My newest flash fiction piece is out on Writer's Bone.
Britannia is a hilly area with duplexes and triplexes on tree-lined streets. The Dillain's new convenience store is on the corner at the bottom of the hill. It has a picturesque frontal view of the large, local park and the Ottawa River, the chief tributary of the Saint Lawrence River, which connects the North River and Cabot Straight into the Atlantic Ocean in Canada's extreme east.
The cash register is on the left as you enter. To the left of that is a small luncheon bar with stools where Terry and Bernard serve hamburgers, fries, and shakes. That's what they told their children, Zel and Dabi, they'd be doing before they purchased the place.
In reality, it was Zel's new job since he turned eighteen and quit A&W and Dabi was supposed to slog the evening shifts, eighth grade or no eighth grade. No more retreating to her bleeding-heart grandparents every shot she gets.
If Dabi were a different sort of girl, it might be something for her to brag about; no one else in her class works. But Dabi's not that kind of girl. Instead, she swallows a dose of shame with breakfast, lunch, and dinner, but especially with dinner, which for her becomes a bag of Ruffles chips or Cheezies from her parents' corner store, while she imagines her classmates eating a protein, a carbohydrate, and a vegetable around a beautifully set table with two loving parents.
She makes change for the few people who pop in for cigarettes, milk, bread, and candies. Most customers are teenagers with long hair, wide-legged jeans, and leather jackets.
Zel is right about the pinball machines. They sure attract teenagers, all of whom look as though they've come from juvenile detention. The pinball machines encourage them to hang out longer and buy cigarettes and snacks.
Dabi learned a long time ago to do her homework in class and to catch up on the course material at recess, but this cashier job has taken her skills to a whole new level. Sometimes she is at the store until 10 p.m.
Two months after the Dillain's took possession of the store, Zel bursts in on Dabi's Halloween shift.
"They broke in again last night. Stole baby aspirin and coke," Zel says.
Good. Dabi zips her mouth. This latest scheme makes her miserable and the sooner it's over the better. Except that means her dimwitted parents will just come up with another one and the next one is invariably worse. She's too old to care about missing Halloween and her parents make a point of never being home on the last day of October. They would no more welcome a stream of kids asking for candy than they would a plague of locusts.
Dabi notices the worry lines on Zel's forehead.
"How'd they get in?" she asks, pretending sympathy.
"Broke the door, Roast Cutty," Zel says. Zel calls his sister Roast, but he adds Cutty when he's really steaming. She only knows it's a signal he's about to blow. She's too young to have heard of Cutty Sark Whiskey. She jams her hands into her pockets to stop them from shaking and looks for anything she can duck behind.
One of the regulars, Garth, told her they use aspirin and cola to get high, but she isn't about to share this. She doubts he's the one who broke in. If she were to accuse anyone it would be my-face-has-taken-too-many-punches Gustav. He's the gang leader. Gustav and trouble go together like leather and lace.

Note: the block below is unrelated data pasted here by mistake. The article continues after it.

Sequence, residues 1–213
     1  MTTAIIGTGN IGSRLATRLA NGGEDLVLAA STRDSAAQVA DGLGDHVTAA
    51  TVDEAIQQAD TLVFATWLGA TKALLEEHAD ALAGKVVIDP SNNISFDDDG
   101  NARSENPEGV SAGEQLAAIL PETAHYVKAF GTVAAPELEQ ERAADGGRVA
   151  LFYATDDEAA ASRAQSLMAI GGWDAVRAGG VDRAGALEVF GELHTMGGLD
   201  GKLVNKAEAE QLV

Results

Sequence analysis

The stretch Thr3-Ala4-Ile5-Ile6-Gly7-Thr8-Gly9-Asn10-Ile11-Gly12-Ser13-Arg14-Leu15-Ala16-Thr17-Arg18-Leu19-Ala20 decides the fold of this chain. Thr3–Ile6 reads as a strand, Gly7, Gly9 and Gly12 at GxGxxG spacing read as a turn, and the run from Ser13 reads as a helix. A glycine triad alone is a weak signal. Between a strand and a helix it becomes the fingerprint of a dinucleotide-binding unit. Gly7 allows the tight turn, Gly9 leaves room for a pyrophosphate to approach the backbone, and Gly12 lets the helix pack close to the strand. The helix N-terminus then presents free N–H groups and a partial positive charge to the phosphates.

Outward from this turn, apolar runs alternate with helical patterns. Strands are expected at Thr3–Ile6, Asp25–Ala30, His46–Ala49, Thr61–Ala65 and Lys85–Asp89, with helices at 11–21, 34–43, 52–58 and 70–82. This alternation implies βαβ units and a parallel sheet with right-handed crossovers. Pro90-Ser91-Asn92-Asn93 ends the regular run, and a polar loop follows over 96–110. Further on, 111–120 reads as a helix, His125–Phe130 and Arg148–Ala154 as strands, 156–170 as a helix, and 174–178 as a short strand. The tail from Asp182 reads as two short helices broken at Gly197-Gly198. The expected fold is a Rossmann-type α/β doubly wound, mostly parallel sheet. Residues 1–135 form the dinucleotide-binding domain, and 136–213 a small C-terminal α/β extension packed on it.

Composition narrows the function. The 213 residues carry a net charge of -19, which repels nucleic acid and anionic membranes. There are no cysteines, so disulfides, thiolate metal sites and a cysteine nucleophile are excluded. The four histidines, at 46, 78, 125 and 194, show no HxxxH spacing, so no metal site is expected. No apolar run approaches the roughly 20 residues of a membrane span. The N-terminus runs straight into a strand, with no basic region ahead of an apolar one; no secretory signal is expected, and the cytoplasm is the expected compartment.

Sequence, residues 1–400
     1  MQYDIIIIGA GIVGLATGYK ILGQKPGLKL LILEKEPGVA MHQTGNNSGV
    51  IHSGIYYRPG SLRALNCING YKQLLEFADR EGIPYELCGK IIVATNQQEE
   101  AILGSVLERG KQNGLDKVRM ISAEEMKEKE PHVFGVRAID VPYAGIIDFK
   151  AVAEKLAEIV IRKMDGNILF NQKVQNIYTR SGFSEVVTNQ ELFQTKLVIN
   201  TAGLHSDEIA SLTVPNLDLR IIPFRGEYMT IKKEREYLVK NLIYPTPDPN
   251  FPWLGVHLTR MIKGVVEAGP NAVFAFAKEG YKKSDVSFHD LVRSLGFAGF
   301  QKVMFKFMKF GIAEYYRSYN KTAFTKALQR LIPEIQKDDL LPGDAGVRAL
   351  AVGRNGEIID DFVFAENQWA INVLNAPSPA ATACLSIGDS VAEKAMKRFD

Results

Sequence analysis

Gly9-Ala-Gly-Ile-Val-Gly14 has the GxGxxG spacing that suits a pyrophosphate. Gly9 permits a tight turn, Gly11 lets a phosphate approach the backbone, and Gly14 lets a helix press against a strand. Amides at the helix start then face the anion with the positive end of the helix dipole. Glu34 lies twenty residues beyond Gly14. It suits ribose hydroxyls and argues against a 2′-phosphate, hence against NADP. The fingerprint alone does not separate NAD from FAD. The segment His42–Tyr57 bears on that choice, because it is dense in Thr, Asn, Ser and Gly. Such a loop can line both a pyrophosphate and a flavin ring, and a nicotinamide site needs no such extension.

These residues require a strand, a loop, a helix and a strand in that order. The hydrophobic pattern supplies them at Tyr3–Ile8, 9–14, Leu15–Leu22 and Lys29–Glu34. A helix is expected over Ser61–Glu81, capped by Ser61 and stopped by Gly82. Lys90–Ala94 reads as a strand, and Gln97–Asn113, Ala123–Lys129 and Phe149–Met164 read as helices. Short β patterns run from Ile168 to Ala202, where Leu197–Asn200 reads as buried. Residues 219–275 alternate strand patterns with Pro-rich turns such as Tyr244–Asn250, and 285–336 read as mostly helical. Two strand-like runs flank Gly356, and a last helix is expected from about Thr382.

"Keep a sharp eye tonight," Zel says, as he leaves.
An hour later, some big guys who are dead ringers for Gustav's younger brothers enter and saunter to the pinball machines in the back.
Dabi can't identify them because it's hard to recognize masked people in long, black coats. One was taller than the other, but height isn't much to go on.
When they troop to the back, Dabi has a pit in her stomach, dead center. These aren't Halloween costumes. A line of anger pulses through her. She knows deep down she shouldn't be here in this shoddy dump at 10 p.m. She envies her school friends asleep in safe beds or at Halloween gatherings. The flame of her anger rises to scorching.
The two boys reappear. They have the jitters; their movements are jerky. The taller one waves a knife through the air, jabs it at the cash register. It has a long blade in a brown leather case. Dabi thought she'd reached her zenith of terror when she was left alone with her brother, but she was wrong. Her stomach is in knots, her heart flaps in her chest. She's as scared as she's ever been.
The shorter one stands, unmoving beside his partner. Dabi can only pray they don't cut her up and she does. Please God. Please God. Go away. Go away. She can't keep her eyes off the sharp blade.
"Okay, okay. Easy now. Here's the money," Dabi says or maybe her guardian angel says it for her. She's so boggled she can't even spit.
She reaches into the till and hands them the few measly bills. $200. The boy with the knife slices the air with it again and they both leave.
Dabi is never the same. Just the mention of the Quick Stop and she's blinking too much and breathing too hard.
The cops told her the next day those boys used the blade to jimmy open the pinball machines first. So, her parents didn't risk her life over a measly $200, more like $400.
Dabi never sets foot in the place again. The Dillains aren't about to take over the night shift themselves.
A month past New Year's the Quick Stop is shut for good.
For an instant, Dabi truly feels sorry for her mother. What a mess she wades through from morning until night. A red flag goes off in Dabi's head. She must stop thinking this way, falling for this every single time. She remembers the knife and meditates on what freedom will feel like.
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